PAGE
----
Blindspot Analysis

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Blindspot Analysis: this article explains the Blindspot Analysis in a practical way. After reading it, you will understand the basics of this powerful Decision Making tool.

What is a Blindspot Analysis?

The Blindspot Analysis uncovers dangerous, incomplete, incorrect and outdated assumptions that can inhibit decision making within an organisation.

American economist Michael Porter first used the term to detect old-fashioned wisdoms and assumptions within companies, that support the business strategy and prevented new, modern ideas from having a chance of succeeding.

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The term became popular after American journalist and historian Barbara Wertheim Tuchman used it in her 1984 book ‘The March of the Folly’. She notes that the Blindspot Analysis describes politics and strategies that were clearly wrong in their assumptions and are since seen as prejudices by others.

In the end, it was the Israeli-born American psychologist and philosopher Benjamin Gilad who developed a 3-step method to uncover blind spots in his book ‘Business blind spots‘, Businesses can use this to replace ingrained and old-fashioned convictions and assumptions with modern reality, thoughts, and convictions. This ensures their decisions will be more effective.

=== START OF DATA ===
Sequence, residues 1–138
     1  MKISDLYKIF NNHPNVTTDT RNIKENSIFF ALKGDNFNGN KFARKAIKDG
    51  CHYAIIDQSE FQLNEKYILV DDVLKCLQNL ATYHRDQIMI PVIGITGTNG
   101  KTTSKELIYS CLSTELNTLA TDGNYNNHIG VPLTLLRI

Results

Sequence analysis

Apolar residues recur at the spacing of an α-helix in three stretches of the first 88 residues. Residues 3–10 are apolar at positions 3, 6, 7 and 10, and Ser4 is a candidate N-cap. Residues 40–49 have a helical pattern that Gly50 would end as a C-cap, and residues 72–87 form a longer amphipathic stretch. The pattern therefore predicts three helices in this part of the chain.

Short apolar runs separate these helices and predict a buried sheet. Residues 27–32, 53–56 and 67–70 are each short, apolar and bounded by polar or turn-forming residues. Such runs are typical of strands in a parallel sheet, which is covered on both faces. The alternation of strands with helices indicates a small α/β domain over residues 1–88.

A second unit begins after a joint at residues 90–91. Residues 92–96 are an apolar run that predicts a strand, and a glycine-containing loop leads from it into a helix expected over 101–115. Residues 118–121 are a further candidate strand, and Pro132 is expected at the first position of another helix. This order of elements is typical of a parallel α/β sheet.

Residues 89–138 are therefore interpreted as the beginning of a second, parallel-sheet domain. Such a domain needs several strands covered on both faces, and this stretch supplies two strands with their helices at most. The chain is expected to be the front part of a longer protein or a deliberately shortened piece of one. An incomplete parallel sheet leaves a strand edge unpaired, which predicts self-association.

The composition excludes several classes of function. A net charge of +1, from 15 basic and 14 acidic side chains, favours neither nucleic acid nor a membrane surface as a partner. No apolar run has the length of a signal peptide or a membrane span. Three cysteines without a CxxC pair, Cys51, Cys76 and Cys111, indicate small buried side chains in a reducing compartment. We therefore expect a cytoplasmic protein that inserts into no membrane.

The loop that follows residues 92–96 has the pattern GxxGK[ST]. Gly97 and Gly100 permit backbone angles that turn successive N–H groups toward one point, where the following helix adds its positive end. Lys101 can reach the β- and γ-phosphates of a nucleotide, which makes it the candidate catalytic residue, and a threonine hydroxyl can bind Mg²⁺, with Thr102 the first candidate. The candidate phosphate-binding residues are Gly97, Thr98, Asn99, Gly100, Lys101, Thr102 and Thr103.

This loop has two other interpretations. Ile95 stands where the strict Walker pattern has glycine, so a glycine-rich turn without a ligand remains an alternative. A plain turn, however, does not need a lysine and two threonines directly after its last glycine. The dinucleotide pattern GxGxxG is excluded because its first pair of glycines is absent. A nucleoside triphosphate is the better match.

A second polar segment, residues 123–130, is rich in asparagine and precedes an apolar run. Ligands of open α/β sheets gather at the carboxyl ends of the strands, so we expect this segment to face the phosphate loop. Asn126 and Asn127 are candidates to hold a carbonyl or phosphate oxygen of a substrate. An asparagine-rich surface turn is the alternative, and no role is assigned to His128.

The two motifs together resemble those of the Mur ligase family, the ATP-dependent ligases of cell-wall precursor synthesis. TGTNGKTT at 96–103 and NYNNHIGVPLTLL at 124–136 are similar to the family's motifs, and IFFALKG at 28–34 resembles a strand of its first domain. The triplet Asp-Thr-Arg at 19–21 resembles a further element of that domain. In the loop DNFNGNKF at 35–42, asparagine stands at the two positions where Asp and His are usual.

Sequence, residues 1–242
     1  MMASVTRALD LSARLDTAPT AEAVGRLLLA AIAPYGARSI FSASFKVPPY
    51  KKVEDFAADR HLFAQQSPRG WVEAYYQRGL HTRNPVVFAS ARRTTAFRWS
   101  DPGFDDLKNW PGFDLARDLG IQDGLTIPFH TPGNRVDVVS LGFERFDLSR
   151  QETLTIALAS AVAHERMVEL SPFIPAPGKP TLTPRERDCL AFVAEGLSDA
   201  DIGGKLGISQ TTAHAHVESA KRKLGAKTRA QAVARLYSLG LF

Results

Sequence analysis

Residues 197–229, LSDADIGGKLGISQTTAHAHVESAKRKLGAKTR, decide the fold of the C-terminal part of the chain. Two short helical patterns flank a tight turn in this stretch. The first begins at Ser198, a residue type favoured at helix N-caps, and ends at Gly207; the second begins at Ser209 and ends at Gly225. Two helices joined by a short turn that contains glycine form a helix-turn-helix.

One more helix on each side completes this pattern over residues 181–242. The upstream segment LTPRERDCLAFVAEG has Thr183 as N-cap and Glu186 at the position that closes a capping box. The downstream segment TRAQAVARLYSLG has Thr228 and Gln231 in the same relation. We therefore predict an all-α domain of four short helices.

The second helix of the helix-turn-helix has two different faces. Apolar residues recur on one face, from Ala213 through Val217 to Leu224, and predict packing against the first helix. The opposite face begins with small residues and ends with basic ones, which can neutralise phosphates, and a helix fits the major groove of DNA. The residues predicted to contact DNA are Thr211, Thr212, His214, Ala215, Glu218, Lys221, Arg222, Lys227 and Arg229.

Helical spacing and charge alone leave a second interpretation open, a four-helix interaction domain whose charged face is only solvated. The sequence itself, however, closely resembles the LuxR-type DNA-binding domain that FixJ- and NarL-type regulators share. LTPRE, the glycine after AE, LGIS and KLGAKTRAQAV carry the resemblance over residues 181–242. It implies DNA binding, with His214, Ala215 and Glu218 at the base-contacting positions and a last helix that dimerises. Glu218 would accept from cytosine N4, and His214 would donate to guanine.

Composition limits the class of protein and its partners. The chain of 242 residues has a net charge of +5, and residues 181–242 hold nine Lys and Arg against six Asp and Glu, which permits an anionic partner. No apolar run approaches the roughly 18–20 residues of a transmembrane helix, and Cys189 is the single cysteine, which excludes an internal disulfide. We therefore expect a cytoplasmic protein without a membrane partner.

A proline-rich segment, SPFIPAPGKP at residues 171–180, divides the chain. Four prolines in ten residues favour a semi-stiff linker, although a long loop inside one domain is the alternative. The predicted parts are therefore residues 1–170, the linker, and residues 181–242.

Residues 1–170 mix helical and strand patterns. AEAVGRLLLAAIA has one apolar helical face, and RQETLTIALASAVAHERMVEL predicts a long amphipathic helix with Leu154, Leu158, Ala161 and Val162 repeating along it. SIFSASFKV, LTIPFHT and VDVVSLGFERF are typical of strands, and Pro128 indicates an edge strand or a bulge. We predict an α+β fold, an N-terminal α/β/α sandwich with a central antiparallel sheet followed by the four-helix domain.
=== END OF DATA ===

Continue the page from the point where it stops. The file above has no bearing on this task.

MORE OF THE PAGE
Wrong decisions

Despite the fact that organisations do careful research before making decisions, it can still go wrong. Often, something important is missed or alternatives are not considered and, as a result, wrong decisions are made. In many cases, so called ‘blind spots’ are not taken into account.

The Blindspot Analysis can help with this; it’s a final safety net that leads to a systematic audit. Initially, too much confidence is placed in traditional strategy models and as a result, the decisions that are made are not fully supported.

Especially a Blindspot Analysis can uncover shortcomings and make it easier to abandon old-fashioned ideas. Blind spots can manifest in three ways:

  1. The (top) management is completely ignorant of strategically important issues.
  2. The (top) management is aware of strategically important issues, but does not interpret them correctly.
  3. The (top) management is aware of problems being caused by outdated assumptions and interpretations, but discovers this too late and as a result also acts too late.

Identifying and removing blind spots is of crucial importance for effective strategic decision making to minimise the chance of making wrong decisions.

Apart from the fact that blind spots are mostly caused by old-fashioned ideas, it also has to do with the mindset of the supervisor. When they are certain they’re right and are not open to change (we’ve always done it like this’), they’re not open to gaining new insights.

The so-called ‘group thinking’ also causes blind spots. Groups of employees can have a tendency to choose a safe option that is accepted by everyone. This ‘easy way’ usually doesn’t lead to the best decision and is therefore not the optimal choice.

3-step method

In his book ‘Business blind spots’, Benjamin Gilad describes a simple 3-step method to identifying blind spots in an organisation:

Step 1

A previous strategic decision is looked at from a historical organisational perspective. What were the arguments to reach these decisions, which factors played a part and which context was taken into account?

Step 2